Sunday, October 22, 2006

VB.Net finally bug (.net 1.1)

Forgot to post this a while back, but a collegue (Matt) showed me this line that I wrote:

If Not cursorScope Is Nothing Then cursorScope.Revert()
End Try

He was debugging the null reference exception that was thrown when cursorScope.Revert() was called when cursorScope was Nothing.

Yes, that's right, the IF condition was being blatantly ignored, and yes, this did seem to be related to being in the finally clause.

He broke it into a multi-line If / End If to made it all work. Go figure.

Using Generics to improve code readability

Obviously Generics in .Net 2 provides the ability to write type-parameterised code, which is great for collections and the like. But it was only when I started using it a bit I realised the potential for much wider cast-elimination.

Take for example some kind of factory method (or any method that has a type as a parameter, and returns an instance of that type):

SomeType instance = (SomeType)Factory.CreateInstance(typeof(SomeType));

Using generics can cut right through:

SomeType instance = Factory.CreateInstance<SomeType>();

It's particularly noticable in VB.Net (because it has such munted cast syntax in the first place), but the result is normally a lot more legible. Unfortunately the framework is full of missed opportunities to clean up:

thing = DirectCast(Enum.Parse(GetType(SomeType), someValue), SomeType)

could become

thing = Enum.Parse(Of SomeType)(SomeValue)

That's got to be better, right?

Friday, October 13, 2006

WorkflowRuntime.Dispose() doesn't clean up properly

Unfortunately, in the current RC5 build of Windows Workflow (the one that comes with .Net 3 RC1), calling Dispose() on the WorkflowRuntime does not clean up after itself properly. Specifically:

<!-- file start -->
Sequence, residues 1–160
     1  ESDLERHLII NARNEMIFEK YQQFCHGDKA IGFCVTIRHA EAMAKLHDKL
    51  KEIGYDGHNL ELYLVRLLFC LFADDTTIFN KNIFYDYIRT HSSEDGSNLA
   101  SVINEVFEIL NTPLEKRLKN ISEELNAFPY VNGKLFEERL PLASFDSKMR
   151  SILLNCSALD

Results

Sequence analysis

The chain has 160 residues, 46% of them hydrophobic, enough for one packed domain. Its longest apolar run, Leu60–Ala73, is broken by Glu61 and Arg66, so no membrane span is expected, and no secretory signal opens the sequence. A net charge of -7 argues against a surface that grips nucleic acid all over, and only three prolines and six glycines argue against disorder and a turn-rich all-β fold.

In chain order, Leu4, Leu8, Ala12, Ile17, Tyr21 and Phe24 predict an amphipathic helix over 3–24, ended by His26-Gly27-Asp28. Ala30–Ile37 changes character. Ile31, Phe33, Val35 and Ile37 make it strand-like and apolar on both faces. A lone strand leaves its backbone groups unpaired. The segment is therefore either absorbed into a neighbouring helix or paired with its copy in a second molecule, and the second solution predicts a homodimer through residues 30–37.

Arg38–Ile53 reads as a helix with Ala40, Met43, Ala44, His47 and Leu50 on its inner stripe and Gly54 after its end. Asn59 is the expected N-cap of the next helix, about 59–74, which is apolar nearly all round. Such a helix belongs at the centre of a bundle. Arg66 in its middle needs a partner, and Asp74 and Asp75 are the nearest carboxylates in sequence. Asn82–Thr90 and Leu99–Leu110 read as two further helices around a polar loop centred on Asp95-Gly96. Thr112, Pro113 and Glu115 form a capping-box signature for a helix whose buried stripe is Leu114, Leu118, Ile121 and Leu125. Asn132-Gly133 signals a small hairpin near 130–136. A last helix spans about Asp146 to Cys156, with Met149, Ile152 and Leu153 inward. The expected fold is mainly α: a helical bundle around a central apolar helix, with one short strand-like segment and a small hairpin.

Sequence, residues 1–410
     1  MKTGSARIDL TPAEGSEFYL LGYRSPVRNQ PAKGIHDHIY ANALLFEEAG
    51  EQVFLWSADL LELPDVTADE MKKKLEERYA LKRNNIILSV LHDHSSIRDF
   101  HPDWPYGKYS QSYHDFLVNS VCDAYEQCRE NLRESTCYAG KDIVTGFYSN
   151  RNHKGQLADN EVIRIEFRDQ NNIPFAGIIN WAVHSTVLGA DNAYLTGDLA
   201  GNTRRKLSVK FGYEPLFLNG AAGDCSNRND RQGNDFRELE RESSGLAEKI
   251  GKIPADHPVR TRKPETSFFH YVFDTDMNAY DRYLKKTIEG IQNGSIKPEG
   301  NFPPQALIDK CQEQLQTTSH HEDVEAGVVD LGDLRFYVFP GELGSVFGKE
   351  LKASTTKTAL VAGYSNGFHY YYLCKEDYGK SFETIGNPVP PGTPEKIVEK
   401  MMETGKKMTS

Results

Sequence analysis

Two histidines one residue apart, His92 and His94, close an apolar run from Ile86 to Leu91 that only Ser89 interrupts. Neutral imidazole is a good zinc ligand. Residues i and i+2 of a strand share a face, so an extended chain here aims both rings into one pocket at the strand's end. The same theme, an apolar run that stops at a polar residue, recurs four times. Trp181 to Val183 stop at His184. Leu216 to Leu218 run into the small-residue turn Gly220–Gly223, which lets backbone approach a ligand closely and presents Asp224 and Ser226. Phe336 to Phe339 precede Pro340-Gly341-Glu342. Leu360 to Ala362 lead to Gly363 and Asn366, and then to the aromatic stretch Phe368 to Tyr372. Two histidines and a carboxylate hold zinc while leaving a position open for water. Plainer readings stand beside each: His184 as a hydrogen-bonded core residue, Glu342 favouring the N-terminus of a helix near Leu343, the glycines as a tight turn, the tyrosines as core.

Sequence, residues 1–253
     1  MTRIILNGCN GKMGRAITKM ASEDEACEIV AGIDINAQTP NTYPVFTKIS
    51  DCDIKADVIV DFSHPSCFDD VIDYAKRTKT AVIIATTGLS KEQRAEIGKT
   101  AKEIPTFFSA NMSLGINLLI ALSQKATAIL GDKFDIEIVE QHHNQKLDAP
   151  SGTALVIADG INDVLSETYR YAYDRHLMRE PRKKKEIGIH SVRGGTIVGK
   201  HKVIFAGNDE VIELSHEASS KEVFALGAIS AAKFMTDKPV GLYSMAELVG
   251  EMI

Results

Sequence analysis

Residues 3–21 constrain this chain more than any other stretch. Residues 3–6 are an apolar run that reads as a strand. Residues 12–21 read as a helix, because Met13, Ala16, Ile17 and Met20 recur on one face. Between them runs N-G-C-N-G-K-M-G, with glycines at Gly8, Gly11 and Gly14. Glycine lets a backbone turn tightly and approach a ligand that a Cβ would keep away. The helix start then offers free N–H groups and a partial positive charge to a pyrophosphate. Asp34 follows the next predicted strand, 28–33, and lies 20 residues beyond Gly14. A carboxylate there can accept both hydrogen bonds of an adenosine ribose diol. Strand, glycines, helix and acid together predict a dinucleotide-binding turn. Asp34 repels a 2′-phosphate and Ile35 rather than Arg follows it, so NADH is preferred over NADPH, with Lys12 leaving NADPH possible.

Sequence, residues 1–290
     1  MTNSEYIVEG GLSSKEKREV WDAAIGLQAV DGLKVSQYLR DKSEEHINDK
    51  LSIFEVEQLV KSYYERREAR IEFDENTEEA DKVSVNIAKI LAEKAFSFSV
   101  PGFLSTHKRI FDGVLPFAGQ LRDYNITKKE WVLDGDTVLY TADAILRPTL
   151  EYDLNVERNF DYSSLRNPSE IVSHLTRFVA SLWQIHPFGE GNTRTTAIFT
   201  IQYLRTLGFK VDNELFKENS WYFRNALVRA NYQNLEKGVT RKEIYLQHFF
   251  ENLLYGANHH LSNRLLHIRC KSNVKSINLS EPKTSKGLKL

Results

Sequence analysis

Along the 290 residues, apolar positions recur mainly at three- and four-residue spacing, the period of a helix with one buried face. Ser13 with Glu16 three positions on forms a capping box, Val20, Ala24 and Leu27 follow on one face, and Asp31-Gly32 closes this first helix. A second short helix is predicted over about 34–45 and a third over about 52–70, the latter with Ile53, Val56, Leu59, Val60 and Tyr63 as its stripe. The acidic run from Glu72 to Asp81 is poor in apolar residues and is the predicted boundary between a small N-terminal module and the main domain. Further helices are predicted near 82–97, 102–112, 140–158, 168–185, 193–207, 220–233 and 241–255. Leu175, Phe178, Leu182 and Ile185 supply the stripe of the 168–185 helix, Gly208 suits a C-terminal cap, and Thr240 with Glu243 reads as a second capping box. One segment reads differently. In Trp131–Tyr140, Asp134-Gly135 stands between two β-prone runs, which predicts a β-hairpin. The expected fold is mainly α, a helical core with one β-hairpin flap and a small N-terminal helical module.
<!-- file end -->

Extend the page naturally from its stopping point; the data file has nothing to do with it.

• it doesn't unload workflows in memory
  • it doesn't reset the workflow performance counters
To do all that you have to call StopRuntime() first.

Try it for yourself:

using(WorkflowRuntime workflowRuntime = new WorkflowRuntime())
workflowRuntime.AddService(new SqlWorkflowPersistenceService(Properties.Settings.Default.WorkflowPersistenceConnectionString));

WorkflowInstance instance = workflowRuntime.CreateWorkflow(typeof(WorkflowConsoleApplication1.Workflow1));

//workflowRuntime.StopRuntime(); // uncomment me to get the instance to be persisted

This is particularly unfortunate given all of the samples for WF (and the boilerplate code that gets created in new WF projects) just allow the runtime to be disposed when it drops out of scope. And needless to say it goes against the grain of how Dispose() works in practice: as a 'clean up gracefully' rather than just a 'free unmanaged resources' (think SqlConnections getting closed, Transactions being rolled back etc...)

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